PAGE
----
Student default rates are at a 10-year high. People now owe more on student loans than they do on their credit cards. What does this mean for students and parents? How should they cope with that if they’re planning for their education – or already trying to pay it off?
MPR’s Kerri Miller talked with the following college-finance authors on Midmorning for some tips:
Erica Sandberg, financial education director and co-host for the web-based video program Change Starts at Home, as well as a columnist and reporter for CreditCards.com. She is author of Expecting Money: The Essential Financial Plan for New and Growing Families.
Zac Bissonnette, reporter with Daily Finance and author of Debt-Free U: How I Paid for an Outstanding College Education Without Loans, Scholarships, or Mooching off My Parents. He is a senior at the University of Massachusetts.
Before you keep reading ...
MPR News is made by Members. Gifts from individuals fuel the programs that you and your neighbors rely on. Donate today to power news, analysis, and community conversations for all.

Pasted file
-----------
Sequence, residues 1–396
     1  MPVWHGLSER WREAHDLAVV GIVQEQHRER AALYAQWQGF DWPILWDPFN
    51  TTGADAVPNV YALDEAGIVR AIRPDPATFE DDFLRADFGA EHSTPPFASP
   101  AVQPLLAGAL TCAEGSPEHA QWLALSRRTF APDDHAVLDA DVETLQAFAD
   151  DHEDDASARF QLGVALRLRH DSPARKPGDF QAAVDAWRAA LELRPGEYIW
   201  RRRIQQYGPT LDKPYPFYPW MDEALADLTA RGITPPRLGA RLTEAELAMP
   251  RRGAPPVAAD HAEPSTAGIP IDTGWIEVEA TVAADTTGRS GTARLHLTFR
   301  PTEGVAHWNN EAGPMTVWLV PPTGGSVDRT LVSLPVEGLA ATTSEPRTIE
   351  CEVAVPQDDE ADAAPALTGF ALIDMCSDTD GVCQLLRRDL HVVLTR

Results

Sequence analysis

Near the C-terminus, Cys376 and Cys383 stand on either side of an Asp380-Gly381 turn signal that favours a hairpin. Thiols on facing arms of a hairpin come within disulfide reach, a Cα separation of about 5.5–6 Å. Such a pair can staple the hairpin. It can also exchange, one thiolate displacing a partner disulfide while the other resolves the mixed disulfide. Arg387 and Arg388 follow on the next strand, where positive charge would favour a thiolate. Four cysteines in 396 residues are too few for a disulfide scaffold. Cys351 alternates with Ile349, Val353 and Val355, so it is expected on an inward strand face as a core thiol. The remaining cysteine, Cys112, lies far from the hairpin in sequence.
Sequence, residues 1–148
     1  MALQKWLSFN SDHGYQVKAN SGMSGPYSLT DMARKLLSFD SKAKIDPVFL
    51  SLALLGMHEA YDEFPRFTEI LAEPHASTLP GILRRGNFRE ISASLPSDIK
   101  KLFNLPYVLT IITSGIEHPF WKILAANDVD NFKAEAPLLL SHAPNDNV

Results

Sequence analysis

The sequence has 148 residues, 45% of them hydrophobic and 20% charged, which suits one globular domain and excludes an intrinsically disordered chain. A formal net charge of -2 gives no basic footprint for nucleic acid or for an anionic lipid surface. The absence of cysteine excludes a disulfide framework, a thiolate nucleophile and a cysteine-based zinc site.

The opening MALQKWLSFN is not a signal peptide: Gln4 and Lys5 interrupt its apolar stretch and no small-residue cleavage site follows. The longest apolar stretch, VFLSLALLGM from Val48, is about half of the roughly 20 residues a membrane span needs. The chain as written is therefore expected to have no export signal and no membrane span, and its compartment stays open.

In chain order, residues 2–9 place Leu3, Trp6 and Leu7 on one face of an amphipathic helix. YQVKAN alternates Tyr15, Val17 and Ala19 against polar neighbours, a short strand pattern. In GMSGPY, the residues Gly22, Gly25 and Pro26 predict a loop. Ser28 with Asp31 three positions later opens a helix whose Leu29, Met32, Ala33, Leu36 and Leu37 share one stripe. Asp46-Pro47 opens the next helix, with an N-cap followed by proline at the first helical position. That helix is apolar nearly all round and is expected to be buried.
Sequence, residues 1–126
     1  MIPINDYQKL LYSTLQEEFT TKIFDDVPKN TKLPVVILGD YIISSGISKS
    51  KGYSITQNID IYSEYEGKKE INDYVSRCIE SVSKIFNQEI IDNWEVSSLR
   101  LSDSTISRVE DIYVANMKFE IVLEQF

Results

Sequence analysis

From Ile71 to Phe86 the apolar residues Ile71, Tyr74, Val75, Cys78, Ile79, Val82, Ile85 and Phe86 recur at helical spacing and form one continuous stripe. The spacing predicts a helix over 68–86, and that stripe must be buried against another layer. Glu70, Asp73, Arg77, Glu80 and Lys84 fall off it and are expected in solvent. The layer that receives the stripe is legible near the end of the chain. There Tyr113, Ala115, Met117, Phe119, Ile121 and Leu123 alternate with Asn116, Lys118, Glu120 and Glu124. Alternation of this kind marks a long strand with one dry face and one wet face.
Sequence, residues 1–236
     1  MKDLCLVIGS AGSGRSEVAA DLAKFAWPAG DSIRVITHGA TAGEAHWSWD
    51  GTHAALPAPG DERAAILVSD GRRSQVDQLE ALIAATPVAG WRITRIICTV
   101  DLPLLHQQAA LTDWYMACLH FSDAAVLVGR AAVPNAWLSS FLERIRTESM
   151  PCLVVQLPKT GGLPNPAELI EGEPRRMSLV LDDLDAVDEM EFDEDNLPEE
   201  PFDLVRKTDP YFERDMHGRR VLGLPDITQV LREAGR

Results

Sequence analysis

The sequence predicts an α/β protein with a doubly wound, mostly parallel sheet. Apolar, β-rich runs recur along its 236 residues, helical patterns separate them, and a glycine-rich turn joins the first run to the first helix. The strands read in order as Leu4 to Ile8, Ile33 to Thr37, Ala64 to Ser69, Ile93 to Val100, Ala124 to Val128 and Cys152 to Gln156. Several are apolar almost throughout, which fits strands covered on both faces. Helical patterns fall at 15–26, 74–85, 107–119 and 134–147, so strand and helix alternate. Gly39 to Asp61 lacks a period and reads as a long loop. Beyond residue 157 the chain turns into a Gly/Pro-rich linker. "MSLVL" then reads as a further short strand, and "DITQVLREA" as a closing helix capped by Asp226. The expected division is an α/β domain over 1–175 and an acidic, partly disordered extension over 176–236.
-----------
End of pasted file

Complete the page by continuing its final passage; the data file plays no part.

Here’s the first part of my non-verbatim notes from the discussion:
Is this about the recession or high borrowing?
ES: A bit of both. The economy has taken serious toll on jobs. Students do have options such as forbearance, but it’s tough.
Is the amount of debt increasing with tuition?
ES: Yes, average tuition is about $23,000 or so for a four-year degree. That’s a lot of money. And that’s just student loans – and doesn’t include credit card debt.
Is there leeway for those who need help?
ES: There’s a grace period – six to nine months, depending on the loan
What’s the average payment per person out of school for a year?
ES: Payments average, on a 10-year plan, at least $200 a month. It doesn’t sound like a lot, but it is for a student just out of school it is.
Are there other options?
ES: There is an income-sensitive plan. For example, someone with an annual income of $18,000 can arrange a very low monthly payment contingent on income and expenses.
Does interest continue to build?
ES: Yes. Interest is low, but on that plan your payments may just be covering interest.
ES: Graduated plans have small monthly payments. If you have a field where the beginning income is low and your income goes up after a period, you can have payments go up as well. You can have small monthly payments over 25 years if you’re in a field with little money, such as social services. You will pay a lot over time, but at least you won’t go into default.